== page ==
Risk for neurodevelopmental disorders (NDD) among children born to women who took antipsychotic medications late in pregnancy seems to be unrelated with exposure to medication. These findings were published in JAMA Internal Medicine.
Investigators with Brigham and Women’s Hospital sourced data for this study from the Medicaid Analytic eXtract (MAX) and IBM Health MarketScan Research Database. Mother-child dyads were evaluated for exposure to antipsychotic medications during pregnancy and the impact on the development of an NDD among their children. NDD risk was evaluated using a propensity matching approach to account for baseline cohort differences.
The MAX dataset was collected between 2000 and 2014 and there were 9551 exposed and 2,034,883 unexposed pregnancies. The pregnant women were aged mean 26.8 (SD, 6.1) and 24.4 (SD, 5.8) years, they had 3.2 (SD, 3.1) and 0.3 (SD, 0.9) distinct mental health-related diagnoses, and 28.2% and 10.7% had an obstetric comorbid index of ≥3, respectively.
The MarketScan dataset was collected between 2000 and 2015 and there were 1214 exposed and 1,306,408 unexposed pregnancies. The pregnant women were aged mean 33.1 (SD, 5.0) and 32.0 (SD, 4.6) years, they had 2.6 (SD, 2.6) and 0.1 (SD, 0.6) distinct mental health-related diagnoses, and 27.5% and 14.5% had an obstetric comorbid index of ≥3, respectively.
Among the women using antipsychotics, most received atypical antipsychotic drugs, specifically quetiapine and aripiprazole. The most common indications for the medications were bipolar disorder, depression, and anxiety.
After propensity matching in the MAX dataset, by 8 years of age, 37.3% of children born from an exposed pregnancy and 23.7% from an unexposed pregnancy were diagnosed with an NDD. The incidence rates of attention-deficit/hyperactivity disorder (ADHD) were 24.5% and 14.3%, and autism spectrum disorder (ASD) were 3.5% and 1.6% among the exposed and unexposed cohorts, respectively. For the MarketScan dataset, the rates of NDD (24.5% vs 11.0%), ADHD (17.5% vs 5.8%), and ASD (3.8% vs 1.3%) were higher among the exposed children.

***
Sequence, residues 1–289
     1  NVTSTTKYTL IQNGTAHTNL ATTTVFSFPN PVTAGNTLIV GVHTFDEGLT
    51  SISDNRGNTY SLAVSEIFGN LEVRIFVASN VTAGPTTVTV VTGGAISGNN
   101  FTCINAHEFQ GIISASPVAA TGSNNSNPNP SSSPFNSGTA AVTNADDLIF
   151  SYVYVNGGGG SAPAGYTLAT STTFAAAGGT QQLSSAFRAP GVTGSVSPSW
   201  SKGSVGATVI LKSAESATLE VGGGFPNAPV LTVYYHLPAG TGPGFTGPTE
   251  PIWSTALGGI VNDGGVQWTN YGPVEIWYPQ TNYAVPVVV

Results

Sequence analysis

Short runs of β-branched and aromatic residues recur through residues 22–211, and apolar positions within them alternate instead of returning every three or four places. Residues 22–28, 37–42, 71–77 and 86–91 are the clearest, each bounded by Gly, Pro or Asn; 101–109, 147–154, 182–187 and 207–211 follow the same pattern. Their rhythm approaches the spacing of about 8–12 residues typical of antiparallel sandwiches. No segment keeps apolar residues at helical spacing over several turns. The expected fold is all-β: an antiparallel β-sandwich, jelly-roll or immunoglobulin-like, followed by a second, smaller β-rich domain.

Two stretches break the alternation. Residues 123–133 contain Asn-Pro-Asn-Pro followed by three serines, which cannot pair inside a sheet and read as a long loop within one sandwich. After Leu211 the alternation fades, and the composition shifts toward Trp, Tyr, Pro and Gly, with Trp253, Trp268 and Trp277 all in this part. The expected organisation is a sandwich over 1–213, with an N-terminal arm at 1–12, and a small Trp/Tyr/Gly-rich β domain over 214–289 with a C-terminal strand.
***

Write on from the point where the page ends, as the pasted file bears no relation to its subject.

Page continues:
In the fully adjusted model, any exposure did not substantially increase risk for NDDs compared with the unexposed cohort (pooled adjusted hazard ratio[paHR], 1.08; 95% CI, 1.01-1.17). However, the children of women who took aripiprazole during the second half of their pregnancy were associated with increased risk for any NDD (paHR, 1.36; 95% CI, 1.14-1.63), a speech or language disorder (paHR, 1.61; 95% CI, 1.28-2.02), and a behavioral disorder (paHR, 1.63; 95% CI, 1.18-2.26).
In a sensitivity analysis, risk for 2 or more NDDs was associated with aripiprazole exposure during the second half of pregnancy (paHR, 1.48; 95% CI, 1.11-1.99) and the first half of pregnancy (paHR, 1.45; 95% CI, 1.20-1.74).
This study may have been limited by using pharmacy dispensations as a proxy for drug exposure.
The study authors concluded, “This birth cohort study found that the most commonly prescribed antipsychotic medications do not appear to meaningfully increase NDD risk in offspring after accounting for confounding. The potential signal identified for aripiprazole requires replication in other data sources before causality can be assumed.”
Disclosure: Multiple authors declared affiliations with industry. Please refer to the original article for a full list of disclosures.
Straub L, Hernández-Díaz S, Bateman BT, et al. Association of antipsychotic drug exposure in pregnancy with risk of neurodevelopmental disorders: a national birth cohort study. JAMA Intern Med. Published online March 28, 2022. doi:10.1001/jamainternmed.2022.0375
This article originally appeared on Psychiatry Advisor